About - Literacy Matters! The Literacy Matters! portal is for teachers, librarians and researchers to use advocacy and research purposes on the importance of literacy and reading.It has been developed to support the Literacy Matters! campaign, devised and launched by the Literacy and Reading Section, the International Federation of Library Associations (IFLA). 9 infographics that promote reading In this post you’ll see the most convincing infographics that encourage to read, and raise awareness of the importance of reading. Reading is a privilege, but many people think it’s like nothing more than a duty. Well, even if it’s a duty, it still brings this nice warm feeling of getting smarter and smarter with every page.
Profile : Doreen Kimura A young male university student sits at a table, ready for the test, while a female graduate student gets her stopwatch ready on the other side of the table. She gives him a sheet of paper that has rows and rows of little pictures on it and starts the stopwatch. The fellow taking the test is getting $10 to sit for a half hour checking off pictures that match. (See example test question on page 86.) As soon as he finishes one page, she puts another one in front of him, until two minutes are up. Then she gives him other, similar tests.
Does Preschool Matter? For many kids, the most important years of schooling come before they can even read. Consider the groundbreaking work of the Nobel Prize-winning economist James Heckman, who has repeatedly documented the power of early childhood education. One of his best case studies is the Perry Preschool Experiment, which looked at 123 low-income African-American children from Yspilanti, Michigan. (All the children had IQ scores between 75 and 85.) When the children were three years old, they were randomly assigned to either a treatment group, and given a high-quality preschool education, or to a control group, which received no preschool education at all. The subjects were then tracked over the ensuing decades, with the most recent analysis comparing the groups at the age of 40.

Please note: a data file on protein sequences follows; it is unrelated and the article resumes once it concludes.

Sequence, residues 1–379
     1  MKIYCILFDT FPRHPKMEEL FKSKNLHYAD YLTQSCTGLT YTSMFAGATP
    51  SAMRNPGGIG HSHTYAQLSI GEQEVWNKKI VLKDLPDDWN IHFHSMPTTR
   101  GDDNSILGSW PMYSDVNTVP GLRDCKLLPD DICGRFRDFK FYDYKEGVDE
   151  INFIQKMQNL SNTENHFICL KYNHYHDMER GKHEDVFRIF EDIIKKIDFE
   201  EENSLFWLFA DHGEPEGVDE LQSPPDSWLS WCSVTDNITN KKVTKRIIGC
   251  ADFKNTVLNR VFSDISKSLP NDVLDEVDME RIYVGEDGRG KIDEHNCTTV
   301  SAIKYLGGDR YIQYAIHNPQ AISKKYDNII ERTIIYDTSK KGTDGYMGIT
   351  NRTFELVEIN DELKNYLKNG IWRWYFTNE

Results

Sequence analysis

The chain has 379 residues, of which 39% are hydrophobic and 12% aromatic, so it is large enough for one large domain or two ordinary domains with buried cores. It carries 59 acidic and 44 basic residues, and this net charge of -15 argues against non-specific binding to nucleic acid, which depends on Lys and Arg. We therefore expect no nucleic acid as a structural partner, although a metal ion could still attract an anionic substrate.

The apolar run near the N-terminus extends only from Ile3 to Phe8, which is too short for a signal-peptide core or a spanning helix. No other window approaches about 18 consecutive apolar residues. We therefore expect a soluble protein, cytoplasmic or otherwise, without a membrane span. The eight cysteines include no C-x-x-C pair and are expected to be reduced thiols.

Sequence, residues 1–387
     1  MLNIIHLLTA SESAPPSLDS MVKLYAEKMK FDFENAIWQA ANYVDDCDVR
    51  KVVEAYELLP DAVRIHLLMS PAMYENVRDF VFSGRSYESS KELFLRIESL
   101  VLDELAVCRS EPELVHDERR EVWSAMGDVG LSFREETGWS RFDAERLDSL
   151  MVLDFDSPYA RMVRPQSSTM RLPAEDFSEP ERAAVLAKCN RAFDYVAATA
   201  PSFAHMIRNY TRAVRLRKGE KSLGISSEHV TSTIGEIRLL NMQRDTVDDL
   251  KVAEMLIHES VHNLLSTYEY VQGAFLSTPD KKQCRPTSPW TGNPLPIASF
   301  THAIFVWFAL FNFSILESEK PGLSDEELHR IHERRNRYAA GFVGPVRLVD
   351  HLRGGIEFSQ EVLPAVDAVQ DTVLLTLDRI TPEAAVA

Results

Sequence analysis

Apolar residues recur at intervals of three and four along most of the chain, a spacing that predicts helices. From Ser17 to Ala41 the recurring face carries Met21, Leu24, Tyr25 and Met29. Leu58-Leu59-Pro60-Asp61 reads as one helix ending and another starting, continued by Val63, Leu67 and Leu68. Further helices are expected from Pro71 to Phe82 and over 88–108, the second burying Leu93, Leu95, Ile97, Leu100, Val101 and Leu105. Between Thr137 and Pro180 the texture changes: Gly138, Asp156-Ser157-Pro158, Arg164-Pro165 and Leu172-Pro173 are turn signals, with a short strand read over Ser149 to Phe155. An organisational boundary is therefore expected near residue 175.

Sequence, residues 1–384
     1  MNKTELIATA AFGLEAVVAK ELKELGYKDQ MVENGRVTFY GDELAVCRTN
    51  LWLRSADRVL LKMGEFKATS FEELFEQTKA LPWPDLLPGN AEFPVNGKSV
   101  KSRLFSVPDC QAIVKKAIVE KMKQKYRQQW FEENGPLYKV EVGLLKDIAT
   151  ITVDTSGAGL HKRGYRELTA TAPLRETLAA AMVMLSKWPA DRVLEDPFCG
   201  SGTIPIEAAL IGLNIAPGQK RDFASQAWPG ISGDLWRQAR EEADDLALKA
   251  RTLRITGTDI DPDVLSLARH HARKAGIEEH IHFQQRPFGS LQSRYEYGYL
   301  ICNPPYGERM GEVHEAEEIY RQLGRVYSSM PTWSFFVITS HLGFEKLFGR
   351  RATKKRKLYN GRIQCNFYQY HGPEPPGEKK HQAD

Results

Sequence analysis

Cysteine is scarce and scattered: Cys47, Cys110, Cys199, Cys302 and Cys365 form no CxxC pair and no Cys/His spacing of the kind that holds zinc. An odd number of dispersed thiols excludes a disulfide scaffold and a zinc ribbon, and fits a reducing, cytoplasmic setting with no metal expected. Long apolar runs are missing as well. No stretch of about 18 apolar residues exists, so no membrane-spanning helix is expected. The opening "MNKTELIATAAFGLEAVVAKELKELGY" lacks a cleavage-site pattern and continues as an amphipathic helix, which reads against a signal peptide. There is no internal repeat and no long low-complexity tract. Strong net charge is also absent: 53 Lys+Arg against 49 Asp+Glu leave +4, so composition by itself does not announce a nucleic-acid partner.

Six things you can do to get boys reading more The OECD consistently finds girls perform significantly better than boys in reading. This gap can also be observed across the Australian NAPLAN reading data. Research suggests reading more can improve literacy outcomes across a range of indicators. But girls typically read more frequently than boys, and have a more positive attitude toward reading.
5 Reasons You Need Fiction I’ve heard pastors and longtime Christians argue against reading fiction since it’s “not true.” But great literature can be an avenue of profound blessing and an ally to teach us to anticipate the kingdom of God in all of life. If we’re moved when we come across an ancient oak swaying beside a brook in a sunlit valley, we don’t immediately try to justify its existence. If we’re sensible, we don’t think, You know, this tree would be much better if it had a Bible verse carved into it. We let it be, and we praise God for it. YLTsig EVO discussion The Comprehension Hypothesis vs. The Skill-Building Hypothesis: Why accept a delayed gratification hypothesis when the gratification never comes? Developing Academic Language: How the language teaching profession has backed the wrong horse. Pleasure and Ecstasy: Is language acquisition a junior ecstasy? Link to recording of presentation Stephen Krashen is Emeritus Professor of Education at the University of Southern California.